The book highlights how South Koreans value education. The competitiveness starts as early as the learning years. A good job or decent job awaits someone who has good education. So aside from sending their kids to school, they also send them to afterschool tutoring programs like English lesson, Piano lesson, Computer lesson etc. In fact, these extracurricular activities and special lessons are fast becoming a part of a South Korean student life and a source of income for ‘experts’ on fields. Parents to some extent (if able) would send their kids to foreign schools. The author thinks this is actually part of their ‘extreme’ character. I’ll probably have to write a separate post on how passionate or extreme Koreans are.
In terms of politics and government, South Koreans take pride of being part of the public service sector. There is a certain respect for someone who works for public service. Graft and corruption exists but it’s something which may cause an accused to take his life. I think this is a pain point that some South East Asian countries like Philippines (my homeland), Thailand and Indonesia are experiencing. People take or run for government post to rake money. I am not sure how government people in South Korea are compensated but I guess they are at a stage where there are a significant number of good people who serve the government with true public service and good governance values in mind. I think this is very important because not everyone can be a CEO, Manager or Supervisor of a company or a conglomerate. People have to find fulfillment by working in a government with a clear vision of its success, a vision that goes beyond just a slogan–something that they are set and working arduously to achieve.
Being in a 3rd world country, I also hope that one day my homeland can be an economic power in Asia just like South Korea. I know our country has the potential and it’s just a matter of some ‘social awakening’ for this to happen. It’s really tiring to hear ‘fight graft and corruption’ campaign from the government, its about time to move –really move forward.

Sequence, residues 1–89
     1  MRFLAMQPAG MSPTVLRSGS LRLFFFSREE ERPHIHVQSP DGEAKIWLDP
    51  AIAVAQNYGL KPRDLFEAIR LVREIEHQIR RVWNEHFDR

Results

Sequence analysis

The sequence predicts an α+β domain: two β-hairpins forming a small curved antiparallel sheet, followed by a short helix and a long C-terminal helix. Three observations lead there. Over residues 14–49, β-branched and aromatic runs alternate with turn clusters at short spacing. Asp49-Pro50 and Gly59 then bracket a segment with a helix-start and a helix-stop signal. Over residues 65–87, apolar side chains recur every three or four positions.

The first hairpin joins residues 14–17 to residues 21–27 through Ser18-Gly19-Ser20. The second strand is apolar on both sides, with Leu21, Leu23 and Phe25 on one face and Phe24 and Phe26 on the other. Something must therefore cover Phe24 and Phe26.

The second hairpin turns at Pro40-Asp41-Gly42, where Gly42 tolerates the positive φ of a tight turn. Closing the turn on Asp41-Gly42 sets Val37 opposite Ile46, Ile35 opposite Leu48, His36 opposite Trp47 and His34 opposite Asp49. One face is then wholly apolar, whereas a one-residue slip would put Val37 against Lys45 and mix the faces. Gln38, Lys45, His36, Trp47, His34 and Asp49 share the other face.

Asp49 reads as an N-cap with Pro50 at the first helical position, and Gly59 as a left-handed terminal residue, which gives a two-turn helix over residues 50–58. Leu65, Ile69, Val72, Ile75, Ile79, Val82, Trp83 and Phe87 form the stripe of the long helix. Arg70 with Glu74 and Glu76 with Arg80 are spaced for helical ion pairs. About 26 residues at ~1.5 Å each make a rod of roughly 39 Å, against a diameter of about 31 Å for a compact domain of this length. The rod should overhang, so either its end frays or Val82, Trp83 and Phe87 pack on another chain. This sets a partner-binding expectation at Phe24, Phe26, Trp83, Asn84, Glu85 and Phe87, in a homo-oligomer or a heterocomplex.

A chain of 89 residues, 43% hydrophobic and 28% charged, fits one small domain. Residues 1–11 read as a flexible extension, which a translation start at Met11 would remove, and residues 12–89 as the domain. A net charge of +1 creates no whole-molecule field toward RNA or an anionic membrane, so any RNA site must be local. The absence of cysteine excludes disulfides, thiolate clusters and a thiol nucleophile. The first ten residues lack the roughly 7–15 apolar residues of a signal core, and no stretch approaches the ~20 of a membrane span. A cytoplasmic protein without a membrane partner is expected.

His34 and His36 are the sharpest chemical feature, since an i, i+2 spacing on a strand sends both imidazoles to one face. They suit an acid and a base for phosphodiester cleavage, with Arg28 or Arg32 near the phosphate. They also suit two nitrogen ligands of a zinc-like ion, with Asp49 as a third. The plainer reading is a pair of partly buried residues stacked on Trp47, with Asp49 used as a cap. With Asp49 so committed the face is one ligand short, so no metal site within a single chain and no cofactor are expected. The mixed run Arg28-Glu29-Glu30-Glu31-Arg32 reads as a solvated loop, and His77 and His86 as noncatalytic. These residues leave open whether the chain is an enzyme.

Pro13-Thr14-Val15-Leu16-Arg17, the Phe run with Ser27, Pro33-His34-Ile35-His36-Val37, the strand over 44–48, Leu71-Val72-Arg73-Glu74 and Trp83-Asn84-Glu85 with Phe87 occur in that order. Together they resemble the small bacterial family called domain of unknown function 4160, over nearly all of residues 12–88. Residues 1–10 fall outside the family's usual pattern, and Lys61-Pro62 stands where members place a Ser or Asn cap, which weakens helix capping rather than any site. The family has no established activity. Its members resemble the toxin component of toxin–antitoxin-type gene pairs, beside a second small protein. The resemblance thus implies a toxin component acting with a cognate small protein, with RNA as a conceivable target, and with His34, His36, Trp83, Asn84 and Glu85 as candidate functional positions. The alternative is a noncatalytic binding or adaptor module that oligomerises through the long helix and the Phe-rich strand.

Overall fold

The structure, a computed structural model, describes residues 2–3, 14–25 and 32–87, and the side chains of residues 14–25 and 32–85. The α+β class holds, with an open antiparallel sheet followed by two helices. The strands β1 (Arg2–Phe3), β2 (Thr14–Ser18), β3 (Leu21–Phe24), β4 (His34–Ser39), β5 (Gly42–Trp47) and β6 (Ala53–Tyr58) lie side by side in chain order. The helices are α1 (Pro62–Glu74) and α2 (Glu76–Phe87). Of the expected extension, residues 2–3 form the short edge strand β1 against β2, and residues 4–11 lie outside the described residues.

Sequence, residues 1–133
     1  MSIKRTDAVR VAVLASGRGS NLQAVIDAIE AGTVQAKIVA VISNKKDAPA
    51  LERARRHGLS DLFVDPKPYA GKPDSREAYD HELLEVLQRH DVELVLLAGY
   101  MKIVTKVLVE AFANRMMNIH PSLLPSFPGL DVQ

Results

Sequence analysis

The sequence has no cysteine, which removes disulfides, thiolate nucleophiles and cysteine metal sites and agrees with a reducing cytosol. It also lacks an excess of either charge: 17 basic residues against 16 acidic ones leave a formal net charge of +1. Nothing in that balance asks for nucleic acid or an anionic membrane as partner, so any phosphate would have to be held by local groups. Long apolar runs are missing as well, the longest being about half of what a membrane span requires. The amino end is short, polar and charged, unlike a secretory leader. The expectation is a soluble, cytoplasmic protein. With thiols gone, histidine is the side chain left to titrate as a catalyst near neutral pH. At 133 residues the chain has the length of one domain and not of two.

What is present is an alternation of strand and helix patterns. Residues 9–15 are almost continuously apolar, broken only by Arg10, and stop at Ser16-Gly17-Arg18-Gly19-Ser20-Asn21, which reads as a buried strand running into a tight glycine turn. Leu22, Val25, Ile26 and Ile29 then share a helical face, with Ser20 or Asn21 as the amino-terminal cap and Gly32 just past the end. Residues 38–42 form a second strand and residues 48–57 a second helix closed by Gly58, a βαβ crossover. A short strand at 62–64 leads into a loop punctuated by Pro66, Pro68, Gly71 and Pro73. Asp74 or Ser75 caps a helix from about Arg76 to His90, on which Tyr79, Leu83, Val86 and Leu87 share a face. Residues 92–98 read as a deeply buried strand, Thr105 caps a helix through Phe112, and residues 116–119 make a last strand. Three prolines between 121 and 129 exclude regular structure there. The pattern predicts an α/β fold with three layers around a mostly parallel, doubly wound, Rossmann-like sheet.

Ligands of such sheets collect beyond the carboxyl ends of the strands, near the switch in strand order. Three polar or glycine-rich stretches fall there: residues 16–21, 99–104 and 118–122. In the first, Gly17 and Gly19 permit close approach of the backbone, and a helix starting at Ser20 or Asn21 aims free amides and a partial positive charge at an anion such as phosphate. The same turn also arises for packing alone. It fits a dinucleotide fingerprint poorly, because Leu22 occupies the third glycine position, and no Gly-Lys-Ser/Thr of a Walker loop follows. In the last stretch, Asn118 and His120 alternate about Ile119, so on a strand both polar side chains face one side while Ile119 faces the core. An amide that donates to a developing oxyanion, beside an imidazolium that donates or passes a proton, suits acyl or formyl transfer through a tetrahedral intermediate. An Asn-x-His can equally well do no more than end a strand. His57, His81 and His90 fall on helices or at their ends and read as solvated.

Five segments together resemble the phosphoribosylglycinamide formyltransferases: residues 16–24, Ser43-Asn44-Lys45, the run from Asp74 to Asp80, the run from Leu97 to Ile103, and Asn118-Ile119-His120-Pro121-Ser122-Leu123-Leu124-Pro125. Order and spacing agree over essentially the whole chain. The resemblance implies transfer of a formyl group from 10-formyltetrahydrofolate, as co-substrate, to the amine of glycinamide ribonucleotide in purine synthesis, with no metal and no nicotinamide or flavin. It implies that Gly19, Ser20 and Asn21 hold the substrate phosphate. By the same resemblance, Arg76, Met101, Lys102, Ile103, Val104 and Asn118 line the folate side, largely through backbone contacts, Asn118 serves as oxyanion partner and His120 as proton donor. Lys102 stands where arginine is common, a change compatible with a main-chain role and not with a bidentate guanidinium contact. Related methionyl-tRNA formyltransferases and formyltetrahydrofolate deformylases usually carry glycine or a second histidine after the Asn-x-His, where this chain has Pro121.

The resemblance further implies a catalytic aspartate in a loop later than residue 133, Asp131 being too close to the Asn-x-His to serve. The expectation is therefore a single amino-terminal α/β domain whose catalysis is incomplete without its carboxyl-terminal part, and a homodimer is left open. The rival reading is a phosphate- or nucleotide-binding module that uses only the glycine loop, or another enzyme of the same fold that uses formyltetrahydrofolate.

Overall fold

My interest in Korean goes beyond trying to learn Hangul. After visiting Seoul first time in 2008, my interest in getting to know Koreans and their culture increased. How can this relatively unknown country become so successful in a span of 10 years and be able to sustain such progress? I remember in the mid 80s, I was wondering why my cousins who are members of the US Air Force are assigned in a country called Korea. I have been hearing how separated the North is from the South. That time I was thinking maybe this country is so chaotic that you wouldn’t want to think of being a tourist in it. Never did it enter my mind that I will one day fall in love with Korea.
When I first set my feet in Seoul, the first place I went to is at 겨보 (Kyobo) bookstore. I bought some books to help me in my self-study of Korean. While looking around I got to see this book named KOREA Unmasked. I flipped on the pages and saw cartoons, the introduction said it’s inspired by a book entitled Land Map by Kim Jungho. The book seeks to impart the Korean Mind Map, which attempts to explain Korean behavior and what kept them from being best in what they do. With this, I instantly grabbed the book. While I wanted to read history books in Korean, I think it is best start with a book with illustration rather than full words. There was a warning that says the views in the book are actually subjective as they are opinions of the author but I don’t mind for now. This is part 1 of the book highlights.
Being a Korean enthusiast, I would easily be able to distinguish Koreans from their neighboring brothers — China and Japan. When I was younger then, I would tend to refer anyone who has small or squinty eyes as Chinese. It was difficult to identify Koreans from Japanese and Chinese. Everything seems to be alike, from their dress, actions, facial attributes etc. In fact, some people still have difficulty differentiating them and now I would understand. I wasn’t interested with people from other country or race then. I only care about being Filipino and to some extent to Americans and Spaniards who greatly influenced my country. Now if you have the interest to know them you would be able to see details that differentiate Koreans from Chinese and Japanese.